To relate this to “real life,” the mornings are the most turbulent part of my partner’s day. This is due to recurring instances in his youth when he was awakened abruptly in situations of high danger that necessitated his complete awareness and preparedness.

As he explained it to me recently, he wakes up feeling “old” and gets younger as the day goes on. In other words, he feels the intensity and the burden of life first thing in the morning (particularly when elements of it are still continuing in the world at large), and gradually becomes more “lighthearted” as his healthy coping mechanisms settle in.

In the morning, the thorn in his paw is sharp and painful, and even though we both know it is there, it still hurts as freshly as ever. He roars sometimes, causing all the creatures in the jungle to run away. As the day goes on and we talk and bond, the immediacy of the pain lessens.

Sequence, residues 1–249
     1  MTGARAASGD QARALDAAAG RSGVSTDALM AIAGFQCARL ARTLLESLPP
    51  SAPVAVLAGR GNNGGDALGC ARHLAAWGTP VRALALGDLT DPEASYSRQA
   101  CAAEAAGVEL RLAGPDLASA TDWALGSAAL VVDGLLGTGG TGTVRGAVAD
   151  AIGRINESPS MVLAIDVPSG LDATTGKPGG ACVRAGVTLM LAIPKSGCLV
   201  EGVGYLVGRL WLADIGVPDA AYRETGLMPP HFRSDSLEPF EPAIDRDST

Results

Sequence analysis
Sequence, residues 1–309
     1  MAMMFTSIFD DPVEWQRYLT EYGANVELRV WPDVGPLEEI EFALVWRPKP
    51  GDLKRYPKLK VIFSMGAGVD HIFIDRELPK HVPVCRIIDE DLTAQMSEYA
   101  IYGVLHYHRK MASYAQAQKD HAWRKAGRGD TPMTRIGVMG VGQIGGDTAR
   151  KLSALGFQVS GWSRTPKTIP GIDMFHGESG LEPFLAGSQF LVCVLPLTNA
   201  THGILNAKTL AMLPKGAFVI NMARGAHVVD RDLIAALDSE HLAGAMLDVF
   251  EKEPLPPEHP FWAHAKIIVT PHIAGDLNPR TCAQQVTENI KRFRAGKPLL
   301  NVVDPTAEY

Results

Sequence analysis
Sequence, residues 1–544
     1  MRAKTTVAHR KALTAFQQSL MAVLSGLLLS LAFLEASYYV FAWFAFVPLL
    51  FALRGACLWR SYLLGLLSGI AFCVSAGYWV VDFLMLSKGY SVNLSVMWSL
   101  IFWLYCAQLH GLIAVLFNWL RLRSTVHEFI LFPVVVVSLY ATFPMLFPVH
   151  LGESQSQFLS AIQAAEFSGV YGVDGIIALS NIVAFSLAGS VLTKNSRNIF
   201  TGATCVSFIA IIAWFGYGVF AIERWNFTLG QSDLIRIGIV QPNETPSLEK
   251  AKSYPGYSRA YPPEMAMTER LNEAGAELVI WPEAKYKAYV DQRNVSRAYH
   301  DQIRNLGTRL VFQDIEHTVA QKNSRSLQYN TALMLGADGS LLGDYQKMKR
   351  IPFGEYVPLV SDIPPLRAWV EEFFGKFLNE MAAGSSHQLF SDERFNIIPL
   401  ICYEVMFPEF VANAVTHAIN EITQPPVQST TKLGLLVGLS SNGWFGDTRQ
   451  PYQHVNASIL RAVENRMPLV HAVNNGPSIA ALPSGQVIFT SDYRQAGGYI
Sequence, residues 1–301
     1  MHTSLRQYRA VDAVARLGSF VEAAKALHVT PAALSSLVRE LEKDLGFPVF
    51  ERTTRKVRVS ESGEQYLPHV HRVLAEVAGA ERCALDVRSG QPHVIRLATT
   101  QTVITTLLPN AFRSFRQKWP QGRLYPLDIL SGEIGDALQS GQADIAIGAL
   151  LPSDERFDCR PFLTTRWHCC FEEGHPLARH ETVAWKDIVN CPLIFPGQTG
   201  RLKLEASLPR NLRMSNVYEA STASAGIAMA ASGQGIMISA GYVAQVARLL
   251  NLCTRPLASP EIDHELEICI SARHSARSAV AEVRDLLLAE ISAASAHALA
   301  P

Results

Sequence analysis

The thorn never goes away, but by acknowledging it and the pain it causes, we can walk forward together, one step at a time.

Knowing the effects that different stimuli prompt in our behavior is a valuable tool in interacting with and building a relationship with anyone, including ourselves. It doesn’t matter if its trauma, societal expectations, or imposed archetypes: we can diverge from our truest, most pure Self for a myriad of reasons.

A helpful diagram in understanding the relationship of the center Self to the selves that split apart and emerge due to exterior expectations or experiences. (Source: Forgiveness: A Bold Choice for a Peaceful Heart by Robin Casarjian)